One of the aspects that hinders Magnus Marten’s “There’s Something in the Barn” from being a real home run of a movie is that it never quite decides what it wants to be. Sometimes it’s a horror movie, sometimes it is fantasy, sometimes it’s just downright comedy, and it builds up this intricate universe with not a lot of explanation or extrapolation. “There’s Something in the Barn” could be good. It could be “Krampus” good, but it leans so much toward this fish out of water comedy that it loses sight of the whole premise involving killer elves, and this weird pact that is never fully explored or fleshed out.
We are in desperate need of a fantasy movie renaissance, and I truly hope “Honor Among Thieves” is the one to lead the charge. It takes a true D&D fan to really know how to bring this universe to life and director John Francis Daly rises to the challenge brilliantly. “Honor Among Thieves” is one of the more refreshing genre pictures of 2023; it’s a movie that is filled with so much appeal for any audience. I dare say that it might even open the door to a new generation of players.
If you missed the last edition of the “Lord of the Rings” movies, or the Edition before that, or the Edition before that, well then, Warner has you covered. This year, Warner has unleashed the “Middle Earth” 31 Disc Ultimate Collector’s Edition which brings together the epic “Lord of the Rings” trilogy in both Theatrical and Extended editions. And there’s also those “Hobbit” movies with the same deal, but you can just read the book and call it a day, if we’re going to be honest.
I haven’t been the biggest fan of Ridley Scott’s output over the years, but there’s no denying his one two punch of “Alien” and “Legend” is immense. Often times modern audiences forget to cite “Legend” as one of the benchmarks of the fantasy genre. It’s probably the quintessential dark fantasy film and the one film I think of when I refer to fantasy films. There’s everything here from goblins, and trolls, to unicorns, and a valiant warrior, in the form of Tom Cruise. There’s also the unparalleled performance by Tim Curry whose delivers a stunning turn as the Lord of Darkness.
This week Amazon released their first image for the upcoming “Lord of the Rings” series. In what I assume they hope will fill the hole “Game of Thrones” left in its wake, the new series is promising to be epic in scale and (hopefully) continue the stories of J.R.R Tolkien’s Middle Earth, as well as re-invigorate the property for fans (I saw all three films when they debuted in theaters) that were left disappointed by “The Hobbit” prequels.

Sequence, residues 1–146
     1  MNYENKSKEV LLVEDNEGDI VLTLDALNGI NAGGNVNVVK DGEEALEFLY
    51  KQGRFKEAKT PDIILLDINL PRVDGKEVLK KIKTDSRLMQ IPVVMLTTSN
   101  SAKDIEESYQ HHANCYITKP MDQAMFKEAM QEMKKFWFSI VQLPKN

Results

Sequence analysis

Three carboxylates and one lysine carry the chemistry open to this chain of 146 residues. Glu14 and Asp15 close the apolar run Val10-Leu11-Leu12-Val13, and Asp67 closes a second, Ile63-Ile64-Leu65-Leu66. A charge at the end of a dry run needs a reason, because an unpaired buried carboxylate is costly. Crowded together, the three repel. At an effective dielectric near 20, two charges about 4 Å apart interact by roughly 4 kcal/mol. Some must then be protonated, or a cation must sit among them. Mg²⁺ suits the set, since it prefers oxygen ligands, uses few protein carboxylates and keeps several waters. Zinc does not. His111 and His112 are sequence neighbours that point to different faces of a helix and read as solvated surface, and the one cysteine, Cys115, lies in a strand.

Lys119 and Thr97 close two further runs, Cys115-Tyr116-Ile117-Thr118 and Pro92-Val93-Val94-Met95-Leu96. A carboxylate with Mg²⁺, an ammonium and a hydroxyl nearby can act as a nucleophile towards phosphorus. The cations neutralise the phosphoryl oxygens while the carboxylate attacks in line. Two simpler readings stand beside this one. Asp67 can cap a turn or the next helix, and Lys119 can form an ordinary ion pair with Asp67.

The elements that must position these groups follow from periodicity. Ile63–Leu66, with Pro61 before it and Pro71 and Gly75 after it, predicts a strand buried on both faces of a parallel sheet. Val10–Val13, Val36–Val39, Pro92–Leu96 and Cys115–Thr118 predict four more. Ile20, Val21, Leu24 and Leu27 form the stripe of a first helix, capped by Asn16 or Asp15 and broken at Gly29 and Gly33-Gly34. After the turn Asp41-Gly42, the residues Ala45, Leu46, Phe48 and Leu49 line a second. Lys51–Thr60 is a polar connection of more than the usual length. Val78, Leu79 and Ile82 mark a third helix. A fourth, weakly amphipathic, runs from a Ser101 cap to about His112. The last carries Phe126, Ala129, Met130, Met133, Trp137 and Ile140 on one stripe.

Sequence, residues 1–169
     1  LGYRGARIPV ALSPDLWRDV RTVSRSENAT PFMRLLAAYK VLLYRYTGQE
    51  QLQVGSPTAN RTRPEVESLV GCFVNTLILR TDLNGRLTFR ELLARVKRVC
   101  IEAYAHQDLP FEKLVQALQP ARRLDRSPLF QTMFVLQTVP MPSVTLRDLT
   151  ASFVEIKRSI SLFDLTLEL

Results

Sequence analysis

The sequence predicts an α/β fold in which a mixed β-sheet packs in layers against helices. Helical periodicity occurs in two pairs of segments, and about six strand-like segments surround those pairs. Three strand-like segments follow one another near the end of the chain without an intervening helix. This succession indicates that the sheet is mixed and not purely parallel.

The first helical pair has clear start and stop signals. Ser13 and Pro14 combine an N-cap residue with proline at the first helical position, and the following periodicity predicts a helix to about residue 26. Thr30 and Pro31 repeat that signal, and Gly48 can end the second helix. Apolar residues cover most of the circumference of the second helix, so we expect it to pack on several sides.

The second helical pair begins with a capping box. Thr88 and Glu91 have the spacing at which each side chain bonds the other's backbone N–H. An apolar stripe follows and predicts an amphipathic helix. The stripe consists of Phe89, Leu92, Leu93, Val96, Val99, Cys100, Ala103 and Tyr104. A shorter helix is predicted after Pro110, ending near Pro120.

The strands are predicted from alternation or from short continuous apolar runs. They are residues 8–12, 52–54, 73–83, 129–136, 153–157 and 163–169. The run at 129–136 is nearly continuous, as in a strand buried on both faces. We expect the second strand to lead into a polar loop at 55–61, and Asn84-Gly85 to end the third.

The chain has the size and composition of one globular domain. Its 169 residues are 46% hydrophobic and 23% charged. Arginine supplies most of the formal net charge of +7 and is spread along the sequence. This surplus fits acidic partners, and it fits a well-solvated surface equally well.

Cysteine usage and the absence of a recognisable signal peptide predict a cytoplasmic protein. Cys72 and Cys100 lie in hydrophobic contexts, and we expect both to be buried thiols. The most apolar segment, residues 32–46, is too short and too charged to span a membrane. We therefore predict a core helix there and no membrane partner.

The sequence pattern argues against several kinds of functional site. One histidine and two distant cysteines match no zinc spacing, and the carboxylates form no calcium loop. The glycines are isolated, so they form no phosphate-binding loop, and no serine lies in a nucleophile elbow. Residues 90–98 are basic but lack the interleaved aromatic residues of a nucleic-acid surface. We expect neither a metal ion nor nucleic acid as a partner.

In celebration, I listed my five favorite characters from the Peter Jackson “Lord of the Rings” trilogy.
If you have your own choices, feel free to let me know in the comments!
It’s David Ayer with another cop drama except rather than a socially relevant tale about mismatched officers of a different race or gender or religion—it’s got Orcs! “Bright” is by no means as clever as it thinks it is, as it uses fantasy tropes not to move the story forward or to lend a new twist to the cop drama, but to hammer us over the head with clumsy allegories and symbolism. Max Landis’ script is painfully stale and lacks any kind of idea as to what it’s trying to get across. It’s much too serious to take as a fantasy film, and not silly enough to take it as a meta-cop movie. Even the opening scene of Will Smith’s character beating a fairy to death on his front lawn with a broom is flat and never quite played up as a meta joke, so much as a poorly delivered device to alert us that we’re watching a “different” kind of cop movie.
Yes, primarily Hallmark have used the “Northpole” movies to sell whatever kitschy Christmas ornament they’re touting for the year, but they’ve accidentally built a neat Christmas movie series I want to see more of. Years ago, I would have really loved the adventures of Clementine the Elf, and her quest to restore the Christmas spirit in one unhappy soul. Right now, she’s still a charming Christmas heroine played by the always adorable Bailee Madison. Madison doesn’t even have to do much to look like an Elf, as she’s given pointy ears, and achieves the rest with her wide smile, and large saucer eyes.
Part one in an apparent movie series from Hallmark Entertainment, “Northpole” is a cute film about Christmas, and trying to preserve the happiness. Literally. It’s a simple and down to Earth movie that celebrates the more entertaining aspects of the holiday, while also building on a new hero in the form of elf Clementine. Bailee Madison is the definition of adorable as the rambunctious cherubic elf, desperately trying to keep the North Pole from dying what with the happiness of Christmas fading away in a sea of unfortunate cynicism. “North Pole” depends on Madison’s enthusiastic performance, and as always, she steals the movie. “North Pole” has its fair share of silliness, but it’s a fine Christmas movie with amusing quirks that I sat through with ease.